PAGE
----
Administration of sex hormones to women after menopause or oophorectomy. Syn: hormone replacement therapy.
In the later decades of the 20th century, estrogen replacement therapy became a standard practice for the prevention of cardiovascular disease and osteoporosis in postmenopausal women. During the 1980s, recognition that administration of unopposed estrogen increases the risk of endometrial cancer led to the addition of progestogen to postmenopausal regimens. In 2000, at least one third of American women between the ages of 50 and 75 were taking estrogenic hormones. The notion that estrogen replacement therapy, widely used to combat menopausal symptoms such as atrophic vaginitis and vasomotor instability (“hot flashes”), might also protect against cardiovascular disease arose partly from the statistical observation that a woman's risk of adverse cardiovascular events increases rapidly after menopause. But although numerous observational studies previously seemed to confirm this protective role of hormones, large and powerful clinical trials later demonstrated not only a lack of benefit from estrogen administration but actually an increased risk of coronary artery disease, stroke, pulmonary embolism, invasive breast cancer, and Alzheimer dementia. Administration of estrogen after natural or surgical menopause remains an effective measure against vasomotor instability and atrophic vaginitis; raises HDL cholesterol; lowers levels of total and LDL cholesterol, apolipoprotein B, lipoprotein Lp(a), homocysteine, fibrinogen, and renin, and reduces the risk of osteoporosis and colorectal cancer. It is also used for palliation in selected patients with breast and prostatic cancer. However, it is no longer endorsed as prophylaxis against cardiovascular disease in postmenopausal women, because the risk of adverse effects appears to outweigh expected benefits for most women. Although estrogen therapy helps prevent bone loss after menopause, evidence is lacking that it reduces the risk of fractures. Moreover, anecdotal reports that estrogen may retard the onset and progression of Type 2 diabetes mellitus, parkinsonism, and Alzheimer dementia lack firm experimental support. In fact, the Women's Health Initiative Memory Study found that estrogen plus progestogen therapy slightly increases the risk of dementia. Postmenopausal women with established cardiovascular disease who take estrogen experience about a threefold increase in the risk of venous thromboembolism. Women with a history of prior ischemic stroke who take estrogen have an increased risk of subsequent fatal stroke. Postmenopausal women who take estrogen have a 40% increase in the risk of gallbladder disease. Several studies have indicated an increased incidence of carcinoma of the breast, ovary, and endometrium. Combining cyclic progestogen administration with daily estrogen restores menstrual cycles (when the uterus is intact) but apparently does not reduce the risk of carcinogenesis, and may even increase it. In addition, current studies suggest that estrogen alone is less likely than estrogen-progestogen to cause adverse cardiovascular effects.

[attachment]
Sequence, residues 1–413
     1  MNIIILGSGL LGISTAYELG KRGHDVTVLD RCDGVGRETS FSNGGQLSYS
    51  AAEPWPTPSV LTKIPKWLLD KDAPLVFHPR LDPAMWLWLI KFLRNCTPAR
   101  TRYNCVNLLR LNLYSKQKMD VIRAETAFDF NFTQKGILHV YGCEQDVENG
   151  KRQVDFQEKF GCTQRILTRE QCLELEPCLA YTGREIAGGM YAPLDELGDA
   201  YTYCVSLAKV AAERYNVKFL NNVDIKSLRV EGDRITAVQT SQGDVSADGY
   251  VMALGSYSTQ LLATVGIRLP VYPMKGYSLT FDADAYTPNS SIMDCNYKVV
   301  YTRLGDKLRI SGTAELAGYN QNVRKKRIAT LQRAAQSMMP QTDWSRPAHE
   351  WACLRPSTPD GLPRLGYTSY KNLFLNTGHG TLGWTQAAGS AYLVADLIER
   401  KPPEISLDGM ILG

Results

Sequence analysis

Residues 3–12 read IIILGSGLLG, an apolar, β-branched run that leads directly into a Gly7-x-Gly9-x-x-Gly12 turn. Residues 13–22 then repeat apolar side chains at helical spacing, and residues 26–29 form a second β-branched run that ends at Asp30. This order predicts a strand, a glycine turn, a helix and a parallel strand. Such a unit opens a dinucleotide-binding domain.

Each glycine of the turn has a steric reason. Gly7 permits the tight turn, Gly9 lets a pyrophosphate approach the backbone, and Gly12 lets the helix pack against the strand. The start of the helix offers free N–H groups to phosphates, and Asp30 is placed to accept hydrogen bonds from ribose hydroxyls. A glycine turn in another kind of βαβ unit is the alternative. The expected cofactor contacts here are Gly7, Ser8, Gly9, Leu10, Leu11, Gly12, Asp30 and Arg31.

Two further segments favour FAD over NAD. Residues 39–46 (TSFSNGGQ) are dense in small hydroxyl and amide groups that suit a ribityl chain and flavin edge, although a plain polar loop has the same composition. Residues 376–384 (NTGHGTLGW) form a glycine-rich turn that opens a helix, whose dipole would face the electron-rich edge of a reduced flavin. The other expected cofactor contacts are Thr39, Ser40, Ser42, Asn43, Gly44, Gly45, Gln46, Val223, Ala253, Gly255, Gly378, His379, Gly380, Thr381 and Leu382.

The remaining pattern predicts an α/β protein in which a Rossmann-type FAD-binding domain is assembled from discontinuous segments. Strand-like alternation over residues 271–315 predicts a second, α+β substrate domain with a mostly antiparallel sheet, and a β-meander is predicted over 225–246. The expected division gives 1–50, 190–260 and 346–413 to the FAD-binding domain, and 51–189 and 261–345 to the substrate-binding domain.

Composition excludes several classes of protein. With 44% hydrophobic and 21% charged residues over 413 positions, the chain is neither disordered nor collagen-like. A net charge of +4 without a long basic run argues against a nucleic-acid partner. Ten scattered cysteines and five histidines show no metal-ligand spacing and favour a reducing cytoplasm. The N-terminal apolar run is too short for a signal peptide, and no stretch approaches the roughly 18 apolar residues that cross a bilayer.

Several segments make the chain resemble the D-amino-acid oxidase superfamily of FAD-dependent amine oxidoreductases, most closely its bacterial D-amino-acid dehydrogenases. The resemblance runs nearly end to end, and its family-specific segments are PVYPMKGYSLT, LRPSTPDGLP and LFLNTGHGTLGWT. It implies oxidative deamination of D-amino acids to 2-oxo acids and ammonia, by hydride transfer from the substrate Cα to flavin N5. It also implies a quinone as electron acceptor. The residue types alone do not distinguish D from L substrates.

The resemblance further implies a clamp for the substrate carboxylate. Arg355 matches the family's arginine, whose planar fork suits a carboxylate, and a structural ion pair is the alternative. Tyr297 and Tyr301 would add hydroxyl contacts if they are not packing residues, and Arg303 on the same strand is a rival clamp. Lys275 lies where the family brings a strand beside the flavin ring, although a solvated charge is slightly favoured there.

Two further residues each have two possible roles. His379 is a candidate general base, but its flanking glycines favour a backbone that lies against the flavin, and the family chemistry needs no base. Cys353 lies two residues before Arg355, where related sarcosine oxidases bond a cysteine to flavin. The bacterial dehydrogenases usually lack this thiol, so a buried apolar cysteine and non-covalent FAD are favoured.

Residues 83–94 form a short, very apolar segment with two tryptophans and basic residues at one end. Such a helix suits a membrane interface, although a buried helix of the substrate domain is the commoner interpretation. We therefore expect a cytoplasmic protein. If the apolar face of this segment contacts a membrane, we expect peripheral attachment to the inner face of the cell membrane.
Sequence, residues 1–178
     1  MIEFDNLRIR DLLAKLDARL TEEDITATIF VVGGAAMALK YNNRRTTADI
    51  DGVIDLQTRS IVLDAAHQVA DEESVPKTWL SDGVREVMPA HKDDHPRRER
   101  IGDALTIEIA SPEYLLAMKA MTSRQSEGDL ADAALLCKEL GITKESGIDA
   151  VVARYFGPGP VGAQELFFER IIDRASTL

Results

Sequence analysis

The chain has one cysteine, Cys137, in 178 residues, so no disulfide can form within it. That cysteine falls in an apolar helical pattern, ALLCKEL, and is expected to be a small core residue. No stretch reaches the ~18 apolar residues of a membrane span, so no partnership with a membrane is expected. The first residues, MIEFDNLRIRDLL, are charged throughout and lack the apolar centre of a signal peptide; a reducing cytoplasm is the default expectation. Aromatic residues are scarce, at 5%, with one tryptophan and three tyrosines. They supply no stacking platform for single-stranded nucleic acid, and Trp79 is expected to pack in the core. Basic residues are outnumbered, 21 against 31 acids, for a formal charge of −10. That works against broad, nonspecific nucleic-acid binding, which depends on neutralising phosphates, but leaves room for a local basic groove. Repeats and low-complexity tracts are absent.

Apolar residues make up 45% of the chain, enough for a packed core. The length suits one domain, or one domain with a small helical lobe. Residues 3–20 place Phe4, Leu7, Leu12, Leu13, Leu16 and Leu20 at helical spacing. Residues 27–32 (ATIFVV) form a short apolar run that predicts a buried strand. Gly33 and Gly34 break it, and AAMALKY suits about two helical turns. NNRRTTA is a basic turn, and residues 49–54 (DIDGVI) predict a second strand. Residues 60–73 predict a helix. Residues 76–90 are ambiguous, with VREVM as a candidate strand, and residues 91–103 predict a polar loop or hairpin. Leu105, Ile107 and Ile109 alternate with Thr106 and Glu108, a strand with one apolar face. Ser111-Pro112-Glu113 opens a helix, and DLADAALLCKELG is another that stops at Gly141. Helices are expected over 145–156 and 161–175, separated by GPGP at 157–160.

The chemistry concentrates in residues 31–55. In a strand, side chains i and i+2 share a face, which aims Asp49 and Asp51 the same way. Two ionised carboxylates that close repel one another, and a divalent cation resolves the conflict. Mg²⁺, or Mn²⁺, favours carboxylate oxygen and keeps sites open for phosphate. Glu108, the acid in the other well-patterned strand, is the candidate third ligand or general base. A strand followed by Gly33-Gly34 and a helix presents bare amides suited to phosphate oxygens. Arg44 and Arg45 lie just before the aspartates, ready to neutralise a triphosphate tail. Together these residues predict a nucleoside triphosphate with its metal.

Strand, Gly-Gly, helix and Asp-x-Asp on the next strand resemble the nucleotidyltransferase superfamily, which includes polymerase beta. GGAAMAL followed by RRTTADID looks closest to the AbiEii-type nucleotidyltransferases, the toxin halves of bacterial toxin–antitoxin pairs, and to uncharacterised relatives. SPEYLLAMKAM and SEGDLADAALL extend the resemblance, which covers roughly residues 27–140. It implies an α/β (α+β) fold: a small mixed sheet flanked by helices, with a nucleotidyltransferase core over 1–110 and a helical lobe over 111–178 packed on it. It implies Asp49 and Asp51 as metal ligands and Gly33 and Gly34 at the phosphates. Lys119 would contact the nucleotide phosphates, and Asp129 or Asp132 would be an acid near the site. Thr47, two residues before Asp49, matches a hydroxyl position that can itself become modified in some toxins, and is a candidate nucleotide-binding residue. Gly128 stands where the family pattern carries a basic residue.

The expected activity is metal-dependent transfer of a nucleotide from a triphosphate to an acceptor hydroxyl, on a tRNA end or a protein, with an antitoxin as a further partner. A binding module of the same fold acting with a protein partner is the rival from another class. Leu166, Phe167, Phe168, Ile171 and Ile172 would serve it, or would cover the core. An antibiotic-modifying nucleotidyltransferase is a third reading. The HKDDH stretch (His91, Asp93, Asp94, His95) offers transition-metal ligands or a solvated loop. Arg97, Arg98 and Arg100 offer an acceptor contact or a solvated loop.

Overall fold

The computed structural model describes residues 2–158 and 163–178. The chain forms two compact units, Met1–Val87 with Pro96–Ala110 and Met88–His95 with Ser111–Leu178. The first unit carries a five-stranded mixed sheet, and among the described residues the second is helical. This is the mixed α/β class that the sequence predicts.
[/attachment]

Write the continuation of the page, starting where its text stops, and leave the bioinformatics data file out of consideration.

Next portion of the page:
Reference: Stedman's Medical Dictionary